How DRI and DRM Work


This page is intended as an introduction to what DRI and DRM are, how they fit into the overall structure of X, Mesa and so on, and why you should care about it if you're developing applications which make use of graphics acceleration.  It's written with the SMedia Glamo chip of the Openmoko Neo FreeRunner in mind, but many of the concepts are generally applicable to all graphics hardware.  However, more advanced hardware is generally a lot more complicated than the technology described here...

The Hardware

The graphics processor (GPU) is separate from the main CPU, and has its own memory.  The graphics chip can't access the main system memory at all [1], but the graphics memory ("VRAM") can be mapped into the CPU's address space and then written to or read from.  If we didn't care about accelerated graphics, we would just program the GPU to display a section of its VRAM on the LCD screen, and write what we wanted to display.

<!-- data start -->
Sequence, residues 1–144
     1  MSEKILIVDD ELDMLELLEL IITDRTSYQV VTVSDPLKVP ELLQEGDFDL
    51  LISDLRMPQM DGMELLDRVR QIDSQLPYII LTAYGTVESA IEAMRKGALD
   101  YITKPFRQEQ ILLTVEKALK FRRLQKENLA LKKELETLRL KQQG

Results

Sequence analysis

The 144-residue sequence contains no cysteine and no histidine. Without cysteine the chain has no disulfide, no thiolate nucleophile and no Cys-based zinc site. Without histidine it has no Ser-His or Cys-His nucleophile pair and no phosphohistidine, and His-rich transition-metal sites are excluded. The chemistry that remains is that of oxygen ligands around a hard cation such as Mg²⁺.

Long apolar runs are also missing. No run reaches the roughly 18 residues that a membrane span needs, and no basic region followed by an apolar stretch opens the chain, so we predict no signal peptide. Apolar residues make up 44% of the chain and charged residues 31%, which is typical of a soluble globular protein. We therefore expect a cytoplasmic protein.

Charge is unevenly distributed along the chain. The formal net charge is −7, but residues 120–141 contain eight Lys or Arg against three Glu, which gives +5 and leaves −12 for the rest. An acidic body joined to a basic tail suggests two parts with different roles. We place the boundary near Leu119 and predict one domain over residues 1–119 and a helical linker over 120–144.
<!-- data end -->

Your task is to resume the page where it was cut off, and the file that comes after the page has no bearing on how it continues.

But we want to do some slightly more exciting things.  To use acceleration features, a sequence of commands has to be written to a circular buffer, in VRAM, of commands.  Circular in this sense means that when there is no more space left at the end of the buffer, writing begins again at the start of the buffer.  Hopefully the buffer is long enough that the program can write a significant number of commands, then go away and do something else while they execute.

Commands submitted via this buffer (known as the "command queue", "ring buffer" or similar) generally need to refer to other buffers in VRAM.  For instance, if we told the GPU to turn the entire screen blue, we would need to send a command sequence which described that a flood fill operation was to be performed, that it was to be done using the colour blue, and that the buffer to be filled with blue was the same buffer we previously told it to display on the LCD.

Historical Situation